Response: Uphaar and Strict Liability

Gaurav asks

O Chief Heretic,

If I were to substitute “road safety” in place of “fire safety” in post of yores, would I be making a mistake ? If yes, then what is the mistake ? If no, does it mean that there is no requirement of road safety regulations[?].

Why, yes. The logic will apply there too. The owner of the road will be criminally liable for badly maintained roads and unclear signs. If an accident occurs, the victim can sue the owner and the court will impose strict liability on the owner.

Of course, accidents can occur because of bad drivers as well as due to bad roads. The owner of the road can, and should, minimize his liability by enforcing rules of the road on drivers. By driving on roads, you are entering into an implicit (or maybe explicit) contract with the owner of the road that you will follow the rules. Violation of those rules will also expose you to civil and criminal liabilities.

Needless to say, all this was in the libertarian dream world. In the real world, government is both the rule-maker and the player-by-the-rules, an unfortunate situation.  I am not free-market fundamentalist enough to believe that Government-controlled roads can only lead to serfdom, but nonetheless, it is useful to separate the two conceptually to understand the distinction better.  It was implicit in the previous post that the theatre-owner can and should impose fire-safety norms on patrons and employees to minimize his own liability – if he weren’t allowed to, the preventive value of Strict Liability would be lost.   When the government is in the same position as theatre-owners, it should have the same powers and the same obligation.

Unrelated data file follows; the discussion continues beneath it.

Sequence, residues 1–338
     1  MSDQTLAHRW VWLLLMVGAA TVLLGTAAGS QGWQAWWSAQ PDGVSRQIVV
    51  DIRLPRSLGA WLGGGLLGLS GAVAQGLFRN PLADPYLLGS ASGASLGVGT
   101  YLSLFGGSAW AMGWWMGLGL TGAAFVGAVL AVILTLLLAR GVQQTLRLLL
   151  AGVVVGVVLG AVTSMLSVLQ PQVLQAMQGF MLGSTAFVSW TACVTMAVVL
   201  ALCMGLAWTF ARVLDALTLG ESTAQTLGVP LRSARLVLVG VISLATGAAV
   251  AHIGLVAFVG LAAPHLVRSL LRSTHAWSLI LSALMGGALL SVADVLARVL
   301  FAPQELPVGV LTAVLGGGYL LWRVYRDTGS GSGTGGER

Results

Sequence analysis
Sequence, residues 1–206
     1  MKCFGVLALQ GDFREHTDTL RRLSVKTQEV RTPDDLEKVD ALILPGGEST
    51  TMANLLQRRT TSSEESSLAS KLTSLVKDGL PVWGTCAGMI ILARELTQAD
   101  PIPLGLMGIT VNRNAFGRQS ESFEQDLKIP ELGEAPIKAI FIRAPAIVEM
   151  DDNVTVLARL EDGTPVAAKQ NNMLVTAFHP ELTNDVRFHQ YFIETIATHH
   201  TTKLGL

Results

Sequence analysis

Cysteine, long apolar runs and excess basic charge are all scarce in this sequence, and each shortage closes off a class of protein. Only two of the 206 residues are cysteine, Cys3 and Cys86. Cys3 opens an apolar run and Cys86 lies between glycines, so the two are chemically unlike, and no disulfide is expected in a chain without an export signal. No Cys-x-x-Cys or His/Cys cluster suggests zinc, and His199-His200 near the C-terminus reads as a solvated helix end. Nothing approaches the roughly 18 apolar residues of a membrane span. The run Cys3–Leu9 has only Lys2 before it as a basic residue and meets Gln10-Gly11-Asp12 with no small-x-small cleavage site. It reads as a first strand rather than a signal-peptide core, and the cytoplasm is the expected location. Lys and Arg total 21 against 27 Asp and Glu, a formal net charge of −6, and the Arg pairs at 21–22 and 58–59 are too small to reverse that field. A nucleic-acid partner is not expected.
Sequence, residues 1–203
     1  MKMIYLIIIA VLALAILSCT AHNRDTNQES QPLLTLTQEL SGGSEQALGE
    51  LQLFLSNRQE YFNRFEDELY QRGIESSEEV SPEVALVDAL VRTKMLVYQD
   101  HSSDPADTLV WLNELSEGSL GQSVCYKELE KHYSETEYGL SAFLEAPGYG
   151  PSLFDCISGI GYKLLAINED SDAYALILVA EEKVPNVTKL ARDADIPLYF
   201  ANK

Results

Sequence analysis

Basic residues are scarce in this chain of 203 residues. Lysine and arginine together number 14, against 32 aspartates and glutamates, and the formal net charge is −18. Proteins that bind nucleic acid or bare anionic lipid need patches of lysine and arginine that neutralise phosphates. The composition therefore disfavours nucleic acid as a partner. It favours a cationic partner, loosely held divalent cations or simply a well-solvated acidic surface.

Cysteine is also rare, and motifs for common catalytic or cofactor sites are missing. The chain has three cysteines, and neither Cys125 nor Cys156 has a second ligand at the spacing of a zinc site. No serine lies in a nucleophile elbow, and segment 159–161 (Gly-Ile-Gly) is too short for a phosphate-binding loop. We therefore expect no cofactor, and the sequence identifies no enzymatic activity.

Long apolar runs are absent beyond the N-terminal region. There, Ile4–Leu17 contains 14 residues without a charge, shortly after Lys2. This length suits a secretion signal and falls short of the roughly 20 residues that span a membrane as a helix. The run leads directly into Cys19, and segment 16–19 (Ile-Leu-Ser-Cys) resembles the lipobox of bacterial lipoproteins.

Having said that, there remains the open question of what traffic rules we should impose. Should we impose preventive rules or should we punish people after harm is done? Should we punish rash driving or punish people only when said rash driving causes accidents? Should we do random checks for drunken drivers or punish them only if they drive rashly?

Here we get into the realm of cost-benefit analysis. Rash drivers cause annoyance to other drivers even if they do not actually cause accidents, so we should punish them. Punishing drunk drivers seems like a good idea to prevent future accidents, but the cost of setting up a barricade to stop and check alcohol levels of drivers is the cost that could have been spent on catching drivers speeding through a red light. Which prevents accidents better and which makes driving a better experience? In the absence of a market telling us the “truth”*  we have no good way to know. But we should make every attempt to try, preferably by setting up quasi-market situations. If we don’t, we will have the kind of situation we have in Hyderabad, where the police never catch you for jumping a red light, but waylay you if you don’t wear a helmet while riding.

*As Tim Harford explains very well in The Undercover Economist.

One thought on “Response: Uphaar and Strict Liability

Comments are closed.